Chapter 1 Setting up your Machine

We’ll be using a variety of different software programs to write, manage, and execute the code that we write. Unfortunately, one of the most frustrating and confusing barriers to working with code is simply getting your machine properly set up. This chapter aims to provide sufficient information for setting up your machine, and troubleshooting the process.

Note that iSchool lab machines should have all appropriate software already installed and ready to use.

In short, you’ll need to install the following programs: see below for more information / options.

  • Git: A set of tools for tracking changes to computer code (especially when collaborating with others). This program is already installed on Macs.

    • GitHub: A web service for hosting code online. You don’t actually need to install anything GitHub (it uses git), but you’ll need to sign up for the service.
  • Bash: A command-line interface for controlling your computer. git is a command-line program so you’ll need a command shell to use it. Macs already have a Bash program called Terminal. On Windows, installing git will also install a Bash shell called Git Bash, or you can try the (experimental) Linux subsystem for Windows 10.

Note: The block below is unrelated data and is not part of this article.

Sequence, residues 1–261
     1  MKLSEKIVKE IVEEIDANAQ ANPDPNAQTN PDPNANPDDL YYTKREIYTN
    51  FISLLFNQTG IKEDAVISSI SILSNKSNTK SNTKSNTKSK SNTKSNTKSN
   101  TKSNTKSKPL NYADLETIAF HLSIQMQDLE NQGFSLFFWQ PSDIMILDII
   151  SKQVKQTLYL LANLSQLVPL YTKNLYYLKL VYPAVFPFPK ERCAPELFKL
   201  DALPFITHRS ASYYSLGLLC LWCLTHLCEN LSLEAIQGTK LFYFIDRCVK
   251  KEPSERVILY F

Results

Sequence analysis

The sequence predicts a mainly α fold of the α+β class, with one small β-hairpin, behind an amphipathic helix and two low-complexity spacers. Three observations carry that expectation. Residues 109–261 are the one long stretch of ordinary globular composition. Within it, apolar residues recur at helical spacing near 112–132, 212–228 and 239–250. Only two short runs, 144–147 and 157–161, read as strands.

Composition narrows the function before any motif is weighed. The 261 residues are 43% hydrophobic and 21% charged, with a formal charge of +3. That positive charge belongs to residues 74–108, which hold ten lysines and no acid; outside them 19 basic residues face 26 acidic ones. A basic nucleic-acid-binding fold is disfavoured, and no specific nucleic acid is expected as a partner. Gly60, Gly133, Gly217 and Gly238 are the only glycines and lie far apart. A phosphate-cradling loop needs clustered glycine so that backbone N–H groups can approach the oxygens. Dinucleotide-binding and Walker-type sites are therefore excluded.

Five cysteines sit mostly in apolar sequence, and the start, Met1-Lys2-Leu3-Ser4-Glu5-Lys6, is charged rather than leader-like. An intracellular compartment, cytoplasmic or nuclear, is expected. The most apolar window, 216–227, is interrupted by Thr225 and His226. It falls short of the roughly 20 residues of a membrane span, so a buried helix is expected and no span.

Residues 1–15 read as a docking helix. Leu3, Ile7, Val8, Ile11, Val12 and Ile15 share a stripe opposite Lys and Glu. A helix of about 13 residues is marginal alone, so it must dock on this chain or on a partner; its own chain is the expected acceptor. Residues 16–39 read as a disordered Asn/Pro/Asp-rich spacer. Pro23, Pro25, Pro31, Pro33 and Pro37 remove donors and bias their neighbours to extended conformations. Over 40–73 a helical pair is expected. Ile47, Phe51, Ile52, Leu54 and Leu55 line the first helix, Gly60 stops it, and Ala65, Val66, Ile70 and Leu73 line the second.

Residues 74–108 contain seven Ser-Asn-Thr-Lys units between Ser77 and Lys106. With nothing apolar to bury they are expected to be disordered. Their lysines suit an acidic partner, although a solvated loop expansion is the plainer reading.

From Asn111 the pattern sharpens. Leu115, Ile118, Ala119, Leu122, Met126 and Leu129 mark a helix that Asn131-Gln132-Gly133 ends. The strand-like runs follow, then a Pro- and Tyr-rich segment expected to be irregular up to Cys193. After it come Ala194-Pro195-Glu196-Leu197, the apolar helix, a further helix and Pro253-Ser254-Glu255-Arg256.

• Atom: A lightweight text editor that supports programming in lots of different languages.

    • You are welcome to use another text editor if you wish; some further suggestions are included.
  • R: a programming language commonly used for working with data. This is the primary programming language used throught this book. “Installing R” actually means installing tools that will let your computer understand and run R code.

  • RStudio: An graphical editor for writing and running R code. This will soon become our primary development application.

The following sections have additional information about the purpose of each component, how to install it, and alternative configurations.

1.1 Git

git is a version control system that provides a set of commands that allow you to manage changes to written code, particularly when collaborating with other programmers (much more on this in chapter 4). To start, you’ll need to download and install the software. If you are on a Mac, git should already be installed.

If you are using a Windows machine, this will also install a program called Git Bash, which provides a text-based interface for executing commands on your computer. For alternative/additional Windows command-line tools, see below.

1.1.1 GitHub